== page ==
Rising ocean temperatures caused by climate change are unlikely to mean the end of the coral on the Great Barrier Reef, according to a new scientific study.
The Cell Press journal Current Biology this morning published what it says is the first large-scale investigation of climate effects on corals and found while some corals were dying, others were flourishing and adapting to the change in water temperatures.
For the study researchers identified and measured more than 35,000 coral colonies on 33 reefs across the length of the Great Barrier Reef to see how they were responding to warming ocean waters.
In results they have described as ‘‘surprising’’ the study found while one species declined in abundance, other species could rise in number.
One of the researchers, Professor Terry Hughes from James Cook University, said while critical issues remained he now believed rising temperatures were unlikely to mean the end of the coral reef.
‘‘The good news is that, rather than experiencing wholesale destruction, many coral reefs will survive climate change by changing the mix of coral species as the ocean warms and becomes more acidic,’’ he said.
‘‘That’s important for people who rely on the rich and beautiful coral reefs of today for food, tourism, and other livelihoods.’’
He said earlier studies of climate change and corals had been done on a much smaller geographical scale, with a primary focus on total coral cover or counts of species as rather crude indicators of reef health.
‘‘We chose the iconic Great Barrier Reef as our natural laboratory because water temperature varies by 8 to 9 degrees Celsius along its full length from summer to winter, and because there are wide local variations in pH,’’ he said.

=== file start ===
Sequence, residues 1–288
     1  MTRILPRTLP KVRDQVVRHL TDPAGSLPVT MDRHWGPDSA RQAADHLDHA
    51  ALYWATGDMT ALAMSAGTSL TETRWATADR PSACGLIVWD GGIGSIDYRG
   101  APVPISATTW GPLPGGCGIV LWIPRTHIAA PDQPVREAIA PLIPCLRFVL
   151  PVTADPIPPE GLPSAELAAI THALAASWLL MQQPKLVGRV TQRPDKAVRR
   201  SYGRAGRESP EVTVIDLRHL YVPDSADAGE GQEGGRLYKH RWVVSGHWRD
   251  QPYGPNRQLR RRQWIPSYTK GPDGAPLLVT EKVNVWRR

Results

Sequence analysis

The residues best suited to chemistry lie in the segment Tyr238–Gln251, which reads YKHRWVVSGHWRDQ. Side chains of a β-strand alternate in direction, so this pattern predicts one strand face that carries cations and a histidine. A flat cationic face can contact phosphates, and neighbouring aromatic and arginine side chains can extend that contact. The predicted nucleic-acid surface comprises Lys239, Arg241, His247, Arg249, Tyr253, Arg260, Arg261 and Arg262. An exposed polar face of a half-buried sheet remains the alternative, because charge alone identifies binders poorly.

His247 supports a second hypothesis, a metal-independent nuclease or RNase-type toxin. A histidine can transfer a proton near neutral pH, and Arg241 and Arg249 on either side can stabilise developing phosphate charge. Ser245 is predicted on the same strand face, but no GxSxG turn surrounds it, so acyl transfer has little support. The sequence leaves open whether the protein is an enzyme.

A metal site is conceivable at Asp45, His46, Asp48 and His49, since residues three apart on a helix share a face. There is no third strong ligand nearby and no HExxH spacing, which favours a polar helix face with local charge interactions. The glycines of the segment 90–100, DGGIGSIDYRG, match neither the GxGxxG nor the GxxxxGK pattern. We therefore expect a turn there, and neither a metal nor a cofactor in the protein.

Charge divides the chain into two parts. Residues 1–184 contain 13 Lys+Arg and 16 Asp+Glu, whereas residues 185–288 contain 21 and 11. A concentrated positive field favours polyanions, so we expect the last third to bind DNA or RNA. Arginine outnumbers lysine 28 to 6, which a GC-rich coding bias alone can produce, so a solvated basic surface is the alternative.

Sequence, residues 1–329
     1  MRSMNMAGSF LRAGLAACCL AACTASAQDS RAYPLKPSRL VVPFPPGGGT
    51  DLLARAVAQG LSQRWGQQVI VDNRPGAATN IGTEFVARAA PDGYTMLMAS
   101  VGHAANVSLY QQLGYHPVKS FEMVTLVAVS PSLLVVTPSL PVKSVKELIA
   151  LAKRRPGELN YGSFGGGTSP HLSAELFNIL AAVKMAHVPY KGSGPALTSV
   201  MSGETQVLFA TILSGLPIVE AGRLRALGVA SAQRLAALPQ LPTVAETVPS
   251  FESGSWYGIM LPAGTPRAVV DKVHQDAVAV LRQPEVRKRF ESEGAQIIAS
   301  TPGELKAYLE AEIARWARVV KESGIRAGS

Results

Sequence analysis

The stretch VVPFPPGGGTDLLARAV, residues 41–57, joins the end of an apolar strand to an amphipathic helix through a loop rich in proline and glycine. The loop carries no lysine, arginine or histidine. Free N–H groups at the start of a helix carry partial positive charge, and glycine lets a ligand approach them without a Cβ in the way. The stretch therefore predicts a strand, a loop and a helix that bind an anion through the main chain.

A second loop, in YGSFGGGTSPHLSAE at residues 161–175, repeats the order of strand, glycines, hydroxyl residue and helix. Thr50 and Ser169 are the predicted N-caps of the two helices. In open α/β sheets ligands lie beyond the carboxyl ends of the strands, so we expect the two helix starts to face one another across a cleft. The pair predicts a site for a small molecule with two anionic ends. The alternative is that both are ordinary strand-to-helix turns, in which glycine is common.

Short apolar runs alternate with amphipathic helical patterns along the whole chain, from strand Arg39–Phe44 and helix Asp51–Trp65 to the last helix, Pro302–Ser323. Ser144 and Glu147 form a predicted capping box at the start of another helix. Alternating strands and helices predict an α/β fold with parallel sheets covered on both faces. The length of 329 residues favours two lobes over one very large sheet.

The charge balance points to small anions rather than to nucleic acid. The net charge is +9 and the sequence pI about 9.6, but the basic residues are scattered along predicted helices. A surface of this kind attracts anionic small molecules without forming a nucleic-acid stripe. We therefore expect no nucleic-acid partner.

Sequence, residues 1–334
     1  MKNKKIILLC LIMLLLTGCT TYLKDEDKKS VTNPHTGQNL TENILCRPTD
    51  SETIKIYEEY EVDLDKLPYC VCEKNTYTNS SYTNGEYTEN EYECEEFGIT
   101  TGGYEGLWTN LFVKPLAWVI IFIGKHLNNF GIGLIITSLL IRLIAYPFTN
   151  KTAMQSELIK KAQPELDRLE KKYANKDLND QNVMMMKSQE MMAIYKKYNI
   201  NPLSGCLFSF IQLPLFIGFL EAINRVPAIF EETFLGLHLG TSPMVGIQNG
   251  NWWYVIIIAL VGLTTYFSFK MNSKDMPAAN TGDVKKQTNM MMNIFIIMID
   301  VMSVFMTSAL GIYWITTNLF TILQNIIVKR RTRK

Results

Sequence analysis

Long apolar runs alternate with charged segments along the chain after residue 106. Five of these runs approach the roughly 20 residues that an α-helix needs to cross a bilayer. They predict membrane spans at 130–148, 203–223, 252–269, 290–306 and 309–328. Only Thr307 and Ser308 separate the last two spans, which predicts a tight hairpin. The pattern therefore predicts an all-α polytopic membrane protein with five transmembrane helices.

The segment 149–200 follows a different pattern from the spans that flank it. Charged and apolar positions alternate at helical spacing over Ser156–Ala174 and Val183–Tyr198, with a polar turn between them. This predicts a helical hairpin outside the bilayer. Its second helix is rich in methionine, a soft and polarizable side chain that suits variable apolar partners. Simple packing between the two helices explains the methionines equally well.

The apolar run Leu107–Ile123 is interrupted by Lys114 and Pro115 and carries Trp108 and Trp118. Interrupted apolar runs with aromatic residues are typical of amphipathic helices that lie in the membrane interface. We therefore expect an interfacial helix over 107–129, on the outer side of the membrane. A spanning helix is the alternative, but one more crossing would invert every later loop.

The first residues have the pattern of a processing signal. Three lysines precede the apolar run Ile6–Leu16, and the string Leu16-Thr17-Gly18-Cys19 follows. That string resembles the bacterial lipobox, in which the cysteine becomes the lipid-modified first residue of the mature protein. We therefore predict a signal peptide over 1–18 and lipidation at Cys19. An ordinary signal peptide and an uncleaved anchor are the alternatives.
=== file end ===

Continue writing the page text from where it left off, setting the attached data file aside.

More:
‘‘Its regional-scale natural gradients encompass the sorts of conditions that will apply several decades from now under business-as-usual greenhouse gas emissions.’’
The warming of the ocean’s temperatures due to climate change will change the composition of coral reefs and while this will mean the end for some species it will mean others are adapting to survive.
The report also listed other human impact dangers to the reef including over-fishing and pollution and noted some coral had adapted to the new conditions these changes presented.
‘‘The accelerating impact of climate change on coral reefs is of major concern worldwide,’’ the report said.
‘‘Contemporary research on how climate change affects coral reefs has matured beyond the simplistic ‘‘canary in the coal mine’’ concept to a more nuanced recognition that climate-related pressures such as bleaching (due to the loss of symbiotic zooxanthellae) and ocean acidification do not affect all species equally.
‘‘In this context, a critical issue for the future status of reefs will be their ability to maintain functional capacity in the face of the changes in species composition.’’
The report said coral reefs are one of the world’s most complex and vulnerable ecosystems and face an uncertain future in the coming decades as they continue to respond to the impacts of human contact and pollution and the called the findings of the study ‘‘profound’’.
‘‘The flexibility in community composition that we document along latitudinal environmental gradients indicates that climate change is likely to result in a reassortment of coral reef taxa rather than wholesale loss of entire reef ecosystems,’’ it said.
‘‘Our results have profound implications for the future expectations of regional-scale impacts of climate change on coral reefs.
‘‘Importantly, the susceptibility of corals to thermal stress and bleaching, reduced alkalinity, and other climate-related phenomena all vary substantially within and between taxa (the organisms which make up the coral reefs).’’
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